We would like to invite you to continue a survey you have started. ...

Do you trust your insurer ?

Strongly agree
Strongly disagree
Insurance provides peace of mind
Insurance is purchased only when compulsory
Terms and Conditions (small print) are clear and easily accessible
Insurance jargon (language) stands in the way of fully understanding each policy
Insurance companies try their best to uphold the details of the policy without cutting corners
Reducing risk, cutting costs and profits are more important to an insurance company than the customer
Insurance companies in the region are as professional as in other more developed markets
Age group
Do you feel your insurance provider works in your interest?
Have you had a rejected claim that you feel was not justified?
Do you trust your insurance provider?
Our Network

Register for our free newsletter

Latest News

Brace for wishful thinking

Brace for wishful thinking

Apparently, we should brace ourselves for an invasion of British people who want to shop here to avoid UK tax increases. Not going to happen, says Kipp.


December 31, 2010 10:40 by

Local media often amuses Kipp. From the comedy pictures of a woman’s legs sticking out from a car boot used to illustrate a serious story about attempted kidnap (Emirates 24-7), to their labeling of stories including rapes and horrific road deaths “Crazy World” (again, Emirates 24-7) we always seem to find something to mystify us.

It’s an article of wishful thinking that had us shaking our heads this time around; The National reports that Dubai retailers are getting ready to take advantage of the fact that the UK is about to raise VAT (Value Added Tax on goods and services) from 17.5 percent to 20 percent. Retailers will cash in, says the paper, as British people embark on “shopping tourism” to make their big purchases. The headline? “Dubai braced for shopping invasion.”

“This will help the UAE’s shopping tourism to increase,” said Naeem Darkazally, the associate vice president of sales and revenue at Rotana. “The UAE as a tax-free country means it is always appealing to British tourists. It will always remain a paradise for shoppers.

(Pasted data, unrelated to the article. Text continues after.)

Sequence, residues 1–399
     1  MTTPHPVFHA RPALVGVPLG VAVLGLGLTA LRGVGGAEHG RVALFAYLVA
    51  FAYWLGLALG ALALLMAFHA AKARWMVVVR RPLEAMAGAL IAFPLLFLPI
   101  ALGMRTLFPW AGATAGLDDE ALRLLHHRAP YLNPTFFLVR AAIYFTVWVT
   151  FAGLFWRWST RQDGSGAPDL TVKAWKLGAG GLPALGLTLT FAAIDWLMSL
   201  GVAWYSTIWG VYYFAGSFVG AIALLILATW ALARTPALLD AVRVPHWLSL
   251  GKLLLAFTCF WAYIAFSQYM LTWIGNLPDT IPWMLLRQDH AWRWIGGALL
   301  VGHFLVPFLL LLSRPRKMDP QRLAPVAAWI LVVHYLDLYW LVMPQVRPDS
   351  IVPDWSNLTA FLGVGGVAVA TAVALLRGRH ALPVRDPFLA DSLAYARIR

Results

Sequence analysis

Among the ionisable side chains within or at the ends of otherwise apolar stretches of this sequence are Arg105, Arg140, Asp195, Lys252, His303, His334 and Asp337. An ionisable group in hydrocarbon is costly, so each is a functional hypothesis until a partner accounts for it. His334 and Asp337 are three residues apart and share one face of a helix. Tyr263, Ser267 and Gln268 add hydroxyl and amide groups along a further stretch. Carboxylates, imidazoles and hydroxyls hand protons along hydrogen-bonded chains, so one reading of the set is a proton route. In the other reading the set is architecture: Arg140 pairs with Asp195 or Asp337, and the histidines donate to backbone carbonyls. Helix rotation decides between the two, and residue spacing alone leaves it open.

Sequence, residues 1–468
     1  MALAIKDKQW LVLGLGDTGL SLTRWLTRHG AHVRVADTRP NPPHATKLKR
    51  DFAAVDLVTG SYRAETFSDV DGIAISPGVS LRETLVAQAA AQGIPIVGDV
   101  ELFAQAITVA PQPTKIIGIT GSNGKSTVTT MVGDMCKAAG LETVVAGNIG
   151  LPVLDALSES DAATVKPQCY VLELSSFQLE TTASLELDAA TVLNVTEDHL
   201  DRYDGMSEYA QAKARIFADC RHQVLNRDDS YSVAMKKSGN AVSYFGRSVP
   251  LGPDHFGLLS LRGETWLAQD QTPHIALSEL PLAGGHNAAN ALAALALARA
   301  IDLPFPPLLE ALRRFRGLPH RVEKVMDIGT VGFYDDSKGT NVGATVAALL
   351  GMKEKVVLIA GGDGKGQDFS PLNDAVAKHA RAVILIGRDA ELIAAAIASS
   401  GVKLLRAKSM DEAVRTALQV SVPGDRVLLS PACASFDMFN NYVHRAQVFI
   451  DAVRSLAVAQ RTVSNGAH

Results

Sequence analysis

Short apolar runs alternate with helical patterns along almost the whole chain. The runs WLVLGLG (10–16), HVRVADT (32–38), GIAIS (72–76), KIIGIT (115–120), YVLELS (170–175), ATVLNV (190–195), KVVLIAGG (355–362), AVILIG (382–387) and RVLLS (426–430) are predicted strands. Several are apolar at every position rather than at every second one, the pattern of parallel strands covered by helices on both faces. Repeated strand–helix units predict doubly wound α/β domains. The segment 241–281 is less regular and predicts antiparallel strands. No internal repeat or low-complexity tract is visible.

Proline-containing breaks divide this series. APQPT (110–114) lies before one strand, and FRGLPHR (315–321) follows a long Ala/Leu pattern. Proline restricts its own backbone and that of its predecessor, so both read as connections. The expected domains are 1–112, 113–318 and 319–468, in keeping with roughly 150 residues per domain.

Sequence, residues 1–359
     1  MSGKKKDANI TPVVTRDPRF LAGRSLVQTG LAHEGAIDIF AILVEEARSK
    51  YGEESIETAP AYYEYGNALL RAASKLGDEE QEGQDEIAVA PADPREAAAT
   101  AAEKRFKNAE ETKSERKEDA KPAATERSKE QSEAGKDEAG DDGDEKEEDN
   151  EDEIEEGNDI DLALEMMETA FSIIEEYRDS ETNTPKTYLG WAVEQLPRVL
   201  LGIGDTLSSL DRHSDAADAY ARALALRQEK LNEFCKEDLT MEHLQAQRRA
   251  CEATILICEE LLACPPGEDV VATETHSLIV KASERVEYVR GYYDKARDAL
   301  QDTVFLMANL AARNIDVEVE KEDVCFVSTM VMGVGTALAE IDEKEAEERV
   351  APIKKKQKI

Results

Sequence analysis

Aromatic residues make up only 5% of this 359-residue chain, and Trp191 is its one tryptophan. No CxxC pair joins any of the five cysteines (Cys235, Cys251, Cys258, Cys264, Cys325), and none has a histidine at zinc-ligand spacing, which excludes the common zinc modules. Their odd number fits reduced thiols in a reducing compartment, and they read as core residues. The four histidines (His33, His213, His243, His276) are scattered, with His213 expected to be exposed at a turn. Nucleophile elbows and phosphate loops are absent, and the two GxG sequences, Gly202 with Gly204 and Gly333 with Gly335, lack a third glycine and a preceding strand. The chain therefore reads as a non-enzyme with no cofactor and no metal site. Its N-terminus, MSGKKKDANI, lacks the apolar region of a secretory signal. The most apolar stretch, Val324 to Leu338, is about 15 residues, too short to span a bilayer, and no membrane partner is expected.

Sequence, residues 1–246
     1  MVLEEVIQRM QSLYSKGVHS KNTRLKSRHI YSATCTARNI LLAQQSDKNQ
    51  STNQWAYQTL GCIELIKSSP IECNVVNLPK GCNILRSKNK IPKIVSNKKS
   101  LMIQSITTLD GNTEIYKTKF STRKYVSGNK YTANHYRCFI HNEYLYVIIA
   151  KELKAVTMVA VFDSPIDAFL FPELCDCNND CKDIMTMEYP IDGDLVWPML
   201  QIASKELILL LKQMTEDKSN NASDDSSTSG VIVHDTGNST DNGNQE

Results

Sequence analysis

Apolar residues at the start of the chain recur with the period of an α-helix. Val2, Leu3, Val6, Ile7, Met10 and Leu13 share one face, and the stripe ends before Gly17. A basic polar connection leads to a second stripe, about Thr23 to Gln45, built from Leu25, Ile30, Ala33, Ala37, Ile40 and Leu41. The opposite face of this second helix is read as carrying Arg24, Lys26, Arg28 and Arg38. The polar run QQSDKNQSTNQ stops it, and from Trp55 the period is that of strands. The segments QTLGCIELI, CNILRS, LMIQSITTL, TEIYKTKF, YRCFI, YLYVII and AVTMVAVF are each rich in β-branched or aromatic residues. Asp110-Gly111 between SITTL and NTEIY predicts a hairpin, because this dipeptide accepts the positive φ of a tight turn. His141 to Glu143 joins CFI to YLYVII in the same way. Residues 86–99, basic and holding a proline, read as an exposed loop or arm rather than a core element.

“With the VAT increase, the prices are becoming astronomical for people in England.”
Yes, prices are becoming high for Brits according to our friends out there. But Kipp has no hesitation in pointing out that a holiday to Dubai is no bargain basement either. So brace yourselves for the fact that, no, Brits won’t be flocking over here to do their shopping.

Kipp will eat its hat if more than, say, 12 British people come to Dubai for a spot of shopping simply because of the VAT increase. It is more than 3,000 miles between here and London; not exactly worth it to save 2.5 percent on something, unless it’s very, very big. And if you can afford the trip, you can probably afford the increased prices in the UK. And we haven’t even mentioned the fact that many things are actually more expensive in Dubai to start with.

People who are coming here will come here, and people who aren’t, won’t. And if they come here, maybe they will buy some stuff. But please don’t try to tell us that some windfall is waiting round the corner because life in the UK just got fractionally more expensive. Given how expensive it is there already, we can’t imagine the VAT rise is going to make much difference to shopping habits there, except maybe that people will shop less.


Tags: , , , , , , , , , ,


  1. Plum Endemon on January 2, 2011 7:52 am

    In fact, shop in the UK. Many prices are the same or lower than here and when you leave to fly back to the UAE, you can get your 20% VAT back!

  2. Twinkle on January 2, 2011 3:51 pm

    It’s always been my understanding that when British goods are sold in the UAE, the price we pay here is higher than the price including VAT in the UK – so coming here to shop makes utterly no sense whatsoever. You’d still be paying the 20% VAT – and a lot more, besides.


Leave a Comment